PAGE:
3
Chapter I General Introductio
 
n
Figure 1annual weed population [Cousens & Mortimer 1995, modified]: Life cycle of an
The seedbank is the central point of the model, it is updated in one year steps by
subtracting the emerging seedlings, fatal germinated and died seeds and adding the new
produced seeds. During growth and development the population is influenced by inter- and
intra-specific competition, mortality due to competition, weed management induced
mortality, diseases, fungal decay, aging and predation due to rodents, snails, beetles and
birds (Cousens and Mortimer 1995).
The models describe the interactions of several parameters within a population. By
changing a variable or an intrinsic or extrinsic factors (mentioned above) of influence the
consequence of this change can be simulated. In such a way processes can be qualified and
prognoses can be derived. The output of the model is the generated optimal combination of
weed management strategies. The models differ in the life stages that are included (Holstet
al.2005).
Some models are only valid for one single weed species, and other approaches model
particular population parameters in detail. Colbachet al.(2006 a, b) modelled germination
and emergence ofAlopecurus myosuroidesHUDS. The model from Aarts (1986)
allegorised the complete life cycle ofGalium aparineL. The model of Pacala and Silander
(1990) accurately predicts growth, fecundity, survivorship, germination, seed dormancy,
and dispersal of theophrasti Abutilon andAmaranthus retroflexus. The model from
4
Chapter I General Introduction
Cousenset al. (1992) dealt with the weed competition in cropping systems, and Grundy
(2003) modelled the weed seedlings emergence. Van der Weide and Groenendael (1990)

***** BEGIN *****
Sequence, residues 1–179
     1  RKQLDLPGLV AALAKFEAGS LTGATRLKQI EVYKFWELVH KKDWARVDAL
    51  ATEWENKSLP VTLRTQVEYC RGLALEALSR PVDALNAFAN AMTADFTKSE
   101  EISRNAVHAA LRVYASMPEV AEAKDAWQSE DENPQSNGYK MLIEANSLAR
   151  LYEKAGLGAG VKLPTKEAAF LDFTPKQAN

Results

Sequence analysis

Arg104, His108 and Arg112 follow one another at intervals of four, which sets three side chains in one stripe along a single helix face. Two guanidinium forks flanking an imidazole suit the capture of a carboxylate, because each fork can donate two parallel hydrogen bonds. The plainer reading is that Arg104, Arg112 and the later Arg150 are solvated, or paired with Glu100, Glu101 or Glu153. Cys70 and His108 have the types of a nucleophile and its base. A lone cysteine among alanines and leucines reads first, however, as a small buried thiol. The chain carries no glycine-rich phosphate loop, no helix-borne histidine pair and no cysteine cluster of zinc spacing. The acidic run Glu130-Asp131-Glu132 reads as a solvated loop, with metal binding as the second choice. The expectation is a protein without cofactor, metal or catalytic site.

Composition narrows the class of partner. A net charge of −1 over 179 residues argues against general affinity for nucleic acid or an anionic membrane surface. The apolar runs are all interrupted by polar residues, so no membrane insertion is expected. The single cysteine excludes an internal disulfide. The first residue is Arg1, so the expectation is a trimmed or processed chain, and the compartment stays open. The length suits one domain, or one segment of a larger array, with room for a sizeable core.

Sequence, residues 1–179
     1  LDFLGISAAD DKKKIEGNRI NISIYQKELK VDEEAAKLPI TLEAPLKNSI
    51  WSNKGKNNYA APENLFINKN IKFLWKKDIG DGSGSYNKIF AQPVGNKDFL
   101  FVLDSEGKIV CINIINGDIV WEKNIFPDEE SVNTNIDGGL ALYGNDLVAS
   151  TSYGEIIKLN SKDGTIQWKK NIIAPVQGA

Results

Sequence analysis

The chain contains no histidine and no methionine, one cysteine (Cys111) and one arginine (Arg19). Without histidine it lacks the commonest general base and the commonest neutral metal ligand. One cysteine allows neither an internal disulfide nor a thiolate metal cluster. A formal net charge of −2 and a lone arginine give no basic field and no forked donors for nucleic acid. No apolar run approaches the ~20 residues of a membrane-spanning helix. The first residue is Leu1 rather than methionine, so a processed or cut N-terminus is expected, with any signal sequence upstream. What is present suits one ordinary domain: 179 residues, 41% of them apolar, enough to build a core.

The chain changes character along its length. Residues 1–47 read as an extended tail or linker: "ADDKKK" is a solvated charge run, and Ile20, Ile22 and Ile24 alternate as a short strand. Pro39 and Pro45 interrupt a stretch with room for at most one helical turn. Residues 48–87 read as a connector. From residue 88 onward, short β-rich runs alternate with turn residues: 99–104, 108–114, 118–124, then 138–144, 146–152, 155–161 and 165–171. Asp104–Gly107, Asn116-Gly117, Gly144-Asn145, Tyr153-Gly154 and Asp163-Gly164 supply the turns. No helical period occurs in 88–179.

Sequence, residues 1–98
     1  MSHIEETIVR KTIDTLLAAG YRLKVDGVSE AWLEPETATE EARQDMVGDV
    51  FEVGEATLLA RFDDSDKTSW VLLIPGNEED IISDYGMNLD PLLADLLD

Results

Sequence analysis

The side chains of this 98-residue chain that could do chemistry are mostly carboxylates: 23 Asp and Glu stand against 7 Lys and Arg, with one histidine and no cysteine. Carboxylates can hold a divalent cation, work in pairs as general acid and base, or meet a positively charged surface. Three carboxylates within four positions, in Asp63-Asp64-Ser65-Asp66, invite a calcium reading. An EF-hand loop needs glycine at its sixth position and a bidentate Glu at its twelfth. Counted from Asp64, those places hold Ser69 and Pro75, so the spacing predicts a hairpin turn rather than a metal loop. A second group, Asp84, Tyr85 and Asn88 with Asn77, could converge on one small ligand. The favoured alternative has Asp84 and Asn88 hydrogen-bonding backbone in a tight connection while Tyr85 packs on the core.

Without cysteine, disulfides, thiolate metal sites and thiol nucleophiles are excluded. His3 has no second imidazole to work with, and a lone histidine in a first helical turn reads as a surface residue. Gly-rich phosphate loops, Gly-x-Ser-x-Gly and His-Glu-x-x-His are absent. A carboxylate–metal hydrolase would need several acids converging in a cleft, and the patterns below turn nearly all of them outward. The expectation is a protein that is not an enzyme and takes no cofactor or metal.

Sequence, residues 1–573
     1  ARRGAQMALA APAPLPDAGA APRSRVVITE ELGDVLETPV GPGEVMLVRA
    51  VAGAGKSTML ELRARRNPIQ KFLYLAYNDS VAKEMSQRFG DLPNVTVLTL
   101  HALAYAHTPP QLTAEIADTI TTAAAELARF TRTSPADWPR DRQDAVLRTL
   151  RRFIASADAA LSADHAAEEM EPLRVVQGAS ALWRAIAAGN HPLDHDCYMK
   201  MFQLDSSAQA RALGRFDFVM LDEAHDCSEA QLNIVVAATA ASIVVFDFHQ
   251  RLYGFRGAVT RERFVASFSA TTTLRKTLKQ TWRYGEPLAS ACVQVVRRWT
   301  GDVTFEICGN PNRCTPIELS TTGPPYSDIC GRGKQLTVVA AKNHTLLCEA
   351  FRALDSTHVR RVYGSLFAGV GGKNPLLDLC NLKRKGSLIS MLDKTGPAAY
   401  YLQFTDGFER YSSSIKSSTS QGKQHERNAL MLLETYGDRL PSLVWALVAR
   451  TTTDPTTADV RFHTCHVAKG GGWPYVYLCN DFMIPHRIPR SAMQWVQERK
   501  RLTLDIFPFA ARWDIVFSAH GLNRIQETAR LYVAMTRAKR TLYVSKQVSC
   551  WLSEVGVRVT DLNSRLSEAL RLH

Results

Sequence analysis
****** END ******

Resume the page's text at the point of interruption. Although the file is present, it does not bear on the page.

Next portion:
tested the complexity of a demographic model on the example ofGalium aparine in
consideration of several management practices. They found that changes in sowing time or
time of herbicide application can cause enormous differences in population dynamics.
Additionally, they showed that weed density and spatial weed distribution have bearing on
population dynamics. Van Groenendael (1988) found that a patchy distribution of weeds
can influence its population dynamics. Mortimeret al.(1989) hypothesised a relationship
in-between weed biomass and fecundity. Further research on these parameters is needed to
evaluate the models.
1.1.3 Site-specific weed control
The uniform application of herbicides is still the standard method of weed control, and
spatial variation has often been ignored in weed management decisions. However, the use
of field-scale mean weed density estimates in spatially heterogeneous weed populations
results in under-prediction of yield loss at locations where weed density is high and in
over-prediction in areas of the field where the weed density is low or absent; thus weed
distribution must be considered in the development of economic weed thresholds
(Lindquistet al., 1998; Brain and Cousens 1990).
Based on the awareness that weeds are distributed heterogeneously, first spatially variable
herbicide application has been tried and tested in the 1990’s (Gerhardset al.1996, 1997a)
Site-specific weed control is managing weeds with respects to their spatial and temporal
variability (Mortensenet al.1998). The site-specific weed management is based on the use
of weed thresholds. That means to implement an appropriate post-emergence herbicide
application only at infested locations in the field. Thompsonet al. proved that 1991
spatially variable herbicide application based on map information has potential. Johnsonet
al. verified that herbicide use could be reduced, if information on spatial weed 1995
distribution would be used for threshold adjustment. Gerhards and Christensen (2003)
saved 60 % of the herbicides against broad leaf weeds and 90 % of grass weed herbicides
in winter cereals, due to site-specific herbicide application. In maize they saved 78 % of
grass weed herbicides and 11% of grass weed targeting herbicides. In sugar beet 36 % of
herbicides against grass weeds and 41 % of broad leaf weed targeting herbicides were
saved, respectively. Gerhards and Oebel (2006) tested a system for site-specific weed
management in various crops resulting in herbicide reduction by 6 up to 81 %. The
efficacy of weed control varied in between 85 % and 98 %, thus the system appears to be 5